I tried to tell her that it was impossible to just ignore someone you’d been fantasizing about kissing, but she wasn’t listening.
I thought I couldn’t endure any more, but I was wrong. The curvature progressed, and I had spine surgery during seventh grade.
My doctors inserted rods on either side of my spine, and took chunks of bone from my hip to graft the rods into the vertebrae. My scar runs from the bottom of my neck to the top of my butt. I was in the hospital and then home for weeks, captive in yet another brace I’d have to wear twenty-four hours a day for nine months.
My surgery was in January. The brace would come off in November. Most importantly, tryouts for the high school dance team, known for its high kick line, were in March.
I spent those months catching up on school work and learning how to walk and move in a strange body that was anchored by a stiff spine. My physical therapist assigned me exercises to do once a day. I did them all, and sometimes I went through them again, hoping I could achieve greater flexibility. I could bend from the waist and the neck, but not in between. When I reached over to touch my toes, my back looked like a tabletop. Arching my back was out of the question.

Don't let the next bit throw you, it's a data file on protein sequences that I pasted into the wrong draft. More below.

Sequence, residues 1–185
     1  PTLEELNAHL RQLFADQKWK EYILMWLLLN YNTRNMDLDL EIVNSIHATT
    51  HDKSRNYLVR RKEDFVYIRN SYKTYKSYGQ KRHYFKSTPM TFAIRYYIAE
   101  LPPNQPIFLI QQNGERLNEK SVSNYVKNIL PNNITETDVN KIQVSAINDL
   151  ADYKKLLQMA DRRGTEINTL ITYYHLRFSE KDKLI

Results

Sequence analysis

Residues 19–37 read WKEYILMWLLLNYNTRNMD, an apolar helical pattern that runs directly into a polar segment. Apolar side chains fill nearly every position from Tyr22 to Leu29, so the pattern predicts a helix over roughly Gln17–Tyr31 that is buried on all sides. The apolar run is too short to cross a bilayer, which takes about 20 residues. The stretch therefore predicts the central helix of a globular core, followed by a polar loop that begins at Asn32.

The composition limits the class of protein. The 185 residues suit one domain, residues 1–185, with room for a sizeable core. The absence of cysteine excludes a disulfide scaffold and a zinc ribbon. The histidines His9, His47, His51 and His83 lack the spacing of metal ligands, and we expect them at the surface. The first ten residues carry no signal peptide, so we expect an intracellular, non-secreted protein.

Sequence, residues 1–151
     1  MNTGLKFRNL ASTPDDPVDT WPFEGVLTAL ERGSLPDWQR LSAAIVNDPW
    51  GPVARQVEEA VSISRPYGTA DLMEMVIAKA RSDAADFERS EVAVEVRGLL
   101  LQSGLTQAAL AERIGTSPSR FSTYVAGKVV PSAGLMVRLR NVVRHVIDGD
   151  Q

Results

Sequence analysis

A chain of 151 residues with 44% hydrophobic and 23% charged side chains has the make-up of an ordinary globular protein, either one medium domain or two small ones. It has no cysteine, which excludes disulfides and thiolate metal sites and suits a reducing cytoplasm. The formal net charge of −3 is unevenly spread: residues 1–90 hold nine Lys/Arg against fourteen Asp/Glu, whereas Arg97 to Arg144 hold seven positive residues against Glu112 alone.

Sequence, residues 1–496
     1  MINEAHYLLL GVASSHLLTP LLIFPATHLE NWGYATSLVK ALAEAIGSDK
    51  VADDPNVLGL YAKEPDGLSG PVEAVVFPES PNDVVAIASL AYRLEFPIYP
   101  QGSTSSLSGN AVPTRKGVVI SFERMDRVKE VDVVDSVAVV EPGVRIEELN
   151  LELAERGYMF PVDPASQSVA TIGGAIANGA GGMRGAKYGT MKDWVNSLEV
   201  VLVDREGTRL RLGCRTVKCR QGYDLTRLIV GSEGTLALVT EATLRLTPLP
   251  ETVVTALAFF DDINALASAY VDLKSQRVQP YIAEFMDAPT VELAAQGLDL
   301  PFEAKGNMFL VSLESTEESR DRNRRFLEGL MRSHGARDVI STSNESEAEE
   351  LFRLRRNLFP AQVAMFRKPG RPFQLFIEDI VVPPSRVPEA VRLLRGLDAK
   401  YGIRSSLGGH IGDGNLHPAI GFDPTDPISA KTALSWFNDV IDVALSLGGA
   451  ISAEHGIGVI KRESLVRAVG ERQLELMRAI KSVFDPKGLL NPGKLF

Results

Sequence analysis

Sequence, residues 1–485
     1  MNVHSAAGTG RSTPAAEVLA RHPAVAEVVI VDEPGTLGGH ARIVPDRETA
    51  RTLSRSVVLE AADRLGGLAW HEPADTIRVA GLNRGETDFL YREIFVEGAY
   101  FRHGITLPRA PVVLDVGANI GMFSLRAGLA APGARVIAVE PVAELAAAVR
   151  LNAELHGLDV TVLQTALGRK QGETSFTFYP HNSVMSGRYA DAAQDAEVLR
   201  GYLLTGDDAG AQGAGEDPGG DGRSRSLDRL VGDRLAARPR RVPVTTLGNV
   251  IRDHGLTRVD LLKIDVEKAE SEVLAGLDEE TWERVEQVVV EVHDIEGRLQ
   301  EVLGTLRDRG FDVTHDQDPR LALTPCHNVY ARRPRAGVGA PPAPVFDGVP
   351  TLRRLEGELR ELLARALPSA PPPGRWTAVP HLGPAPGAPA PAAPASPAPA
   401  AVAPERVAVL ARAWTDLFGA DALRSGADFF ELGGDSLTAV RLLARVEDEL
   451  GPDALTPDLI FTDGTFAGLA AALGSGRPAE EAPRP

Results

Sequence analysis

Some of my most wonderful high school memories involve the years I spent on the dance team. Twenty-nine years and another spine surgery later, several of my former teammates are now sweating with me at Jazzercise. Sometimes I close my eyes when I’m dancing and pretend I’m in a stadium during half-time.
The other night I was at a restaurant and I saw the guy who’d called me an ugly dog. I ignored him.
I told my therapist that my strength comes from the fact that I’m a bit like a superhero, a woman equipped with a titanium spine reinforced with screws and bolts. You can’t see them, but in my mind I’m wearing bright gold boots, and I’m confident that they can kick anything that gets in my way.
One year ago in My Tiny Kingdom: Prank O’ The Day